Many books have been written about how the layout of the page had to be reconstructed to conquer the oceans of information that suddenly became available. Pages had to be numbered. The paragraph had to be invented, just as notes and bibliographical references. Running titles. And most important of all: the title-page.

Most of these innovations come together in the work of Erhard Ratdolt, the Augsburg and Venetian printer already mentioned. He was an early adapter: he used a title-page, printed in color and so on. I especially mention the way he placed woodcut illustrations in the margins in one of the most beautiful and well-structured books ever published: his first edition of Euclid that dates from 1482.

Why did changes that were clearly great innovations not find their way immediately and sometime took ages to get accepted. Why did not all printers started to use woodcut initials right after they were invented – why did it take almost a century for such a simple but effective innovation to be generally accepted?

I have a few assertions that will play a role in the second – smaller – part of this lecture when I will discuss the digital age.

The first one goes like this: what we see as typographical innovation is often a ressurection of something older. Most typographical inventions of the 15th century are in fact reinventions.

My second obervation is that almost all real innovations come from outsiders. The power of tradition is very strong, especially in the field of printing and publishing were innovation is stultyfied by the conservatism of the trade and the consumers.

What does this mean for the future of publishing and more specifically for the future of design? I love the term Information Architecture as it covers perfectly what modern design is really about.

It will be clear that the internet and searchmachines have changed the way we look at information and how we use it. Will we need footnotes when all books have been digitized? I can imagine a searchmachine that analyzes texts in depth: a researchmachine. Now information is anchored to a page but digitized it can have any form – especially as we do not need to refer to a given page any more.

On the other hand the way we organize and read texts will not change. Writing and reading is about rhetorics and expectations and these are deep undercurrents that were probably hotwired into the human brain long before we were able to notice them. We will always need art and need to create art, or science and scholarship.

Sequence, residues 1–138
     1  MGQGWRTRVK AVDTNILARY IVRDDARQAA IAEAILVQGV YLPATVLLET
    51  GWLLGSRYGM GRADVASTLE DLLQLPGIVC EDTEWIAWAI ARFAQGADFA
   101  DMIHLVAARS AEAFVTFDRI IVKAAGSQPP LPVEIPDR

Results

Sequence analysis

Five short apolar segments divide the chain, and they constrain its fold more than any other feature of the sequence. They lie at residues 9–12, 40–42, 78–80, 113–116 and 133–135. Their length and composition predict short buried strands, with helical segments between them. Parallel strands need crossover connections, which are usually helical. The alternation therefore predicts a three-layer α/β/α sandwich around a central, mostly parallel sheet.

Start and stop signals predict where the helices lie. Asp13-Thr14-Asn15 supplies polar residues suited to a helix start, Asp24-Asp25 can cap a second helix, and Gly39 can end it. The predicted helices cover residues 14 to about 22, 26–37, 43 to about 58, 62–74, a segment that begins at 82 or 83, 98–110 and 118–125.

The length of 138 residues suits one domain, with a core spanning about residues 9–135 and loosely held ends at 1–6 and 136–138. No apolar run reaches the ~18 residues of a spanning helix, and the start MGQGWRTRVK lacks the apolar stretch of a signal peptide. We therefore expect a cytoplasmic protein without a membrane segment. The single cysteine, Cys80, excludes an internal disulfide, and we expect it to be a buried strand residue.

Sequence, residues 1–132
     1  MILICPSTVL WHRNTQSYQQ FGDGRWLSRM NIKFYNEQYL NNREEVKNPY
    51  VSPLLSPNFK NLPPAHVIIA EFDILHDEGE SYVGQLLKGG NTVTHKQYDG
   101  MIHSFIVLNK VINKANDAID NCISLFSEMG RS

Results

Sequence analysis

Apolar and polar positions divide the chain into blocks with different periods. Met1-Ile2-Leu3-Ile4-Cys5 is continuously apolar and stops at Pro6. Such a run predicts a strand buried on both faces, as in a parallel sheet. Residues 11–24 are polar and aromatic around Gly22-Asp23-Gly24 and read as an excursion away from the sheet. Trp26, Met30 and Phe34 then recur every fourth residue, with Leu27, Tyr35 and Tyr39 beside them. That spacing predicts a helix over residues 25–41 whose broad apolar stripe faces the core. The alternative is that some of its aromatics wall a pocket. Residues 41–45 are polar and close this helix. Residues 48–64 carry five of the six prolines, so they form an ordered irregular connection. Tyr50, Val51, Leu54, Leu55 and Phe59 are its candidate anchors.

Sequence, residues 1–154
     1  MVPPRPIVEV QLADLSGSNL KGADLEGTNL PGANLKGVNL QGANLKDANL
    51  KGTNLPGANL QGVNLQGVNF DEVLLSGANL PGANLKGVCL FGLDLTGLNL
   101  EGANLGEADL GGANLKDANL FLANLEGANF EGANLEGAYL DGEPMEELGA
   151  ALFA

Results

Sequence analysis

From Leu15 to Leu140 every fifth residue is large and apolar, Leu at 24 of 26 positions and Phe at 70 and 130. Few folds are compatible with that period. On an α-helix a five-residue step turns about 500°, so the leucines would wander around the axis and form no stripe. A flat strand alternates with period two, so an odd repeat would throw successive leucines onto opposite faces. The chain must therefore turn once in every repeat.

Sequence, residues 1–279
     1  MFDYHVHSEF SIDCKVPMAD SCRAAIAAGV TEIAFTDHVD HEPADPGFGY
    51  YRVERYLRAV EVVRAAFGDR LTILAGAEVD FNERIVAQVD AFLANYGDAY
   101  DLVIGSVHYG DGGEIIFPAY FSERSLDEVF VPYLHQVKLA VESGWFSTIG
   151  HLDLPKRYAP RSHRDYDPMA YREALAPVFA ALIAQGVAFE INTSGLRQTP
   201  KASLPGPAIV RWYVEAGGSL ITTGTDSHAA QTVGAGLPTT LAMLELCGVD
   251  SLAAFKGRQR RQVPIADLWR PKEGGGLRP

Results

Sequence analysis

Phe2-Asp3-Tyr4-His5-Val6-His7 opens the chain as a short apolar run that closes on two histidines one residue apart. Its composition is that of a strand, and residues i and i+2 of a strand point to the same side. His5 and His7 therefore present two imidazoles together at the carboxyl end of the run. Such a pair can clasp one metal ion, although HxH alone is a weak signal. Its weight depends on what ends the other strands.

Digital information will always be expressed in books and these books will be more beautiful and better made. More people than ever before are active as designers, of typefaces and of books. They are counted in tens of thousands where there used to be hundreds. Of course beauty and taste have nothing to do with numbers. But more practitioners create more choices for a public that has become more critical in its appraisal.

And perhaps more important the costs are low. In fact everybody with a computer can create a book and have it printed. We have – again – arrived in an age where the costs are counted per single copy in stead of editions. The modern bookdesigner is in fact a publisher and can be compared to those writers in India I mentioned earlier who still write newspapers in longhand – and even more with the scribes of the early 15th century. And so it seems that we are in fact swinging back to an earlier age, on a different, higher level.

How does this work out in the real world? A few months ago I had the great honor to participate in the creation of a new and beautiful magazine on typedesign, called Codex. The publisher, John Boardley is well known for his blog He lives in Japan, the editor somewhere in Canada, some of the authors are in fact here in this room, but they can also be found in California and Brazil. It was printed and shipped by a German firm. All 5000 copies were sold, most of them directly to readers of blogs on typography, a few by specialist bookstores, none by the great chains like the Dutch Selexyz.

I think that a few years from now there will be less books than there are now, but they will be better edited, better designed and better printed. Part, perhaps even the greater part, of the mass market will go digital. This will make books less interesting to the kind of publisher or bookseller that now fill the great chains of bookstores with endless and depressing repetitions of soulless and bad designed books. The independent bookseller will rise again and so will the independent publisher. I think that this is the future, an interesting and humane future and certainly our future as book historians.

Three easy pieces


Looking back is as easy as looking forward. So it is not difficult to see why the Hypnerotomachia Polyphili is one of the greatest books ever published – in 1499.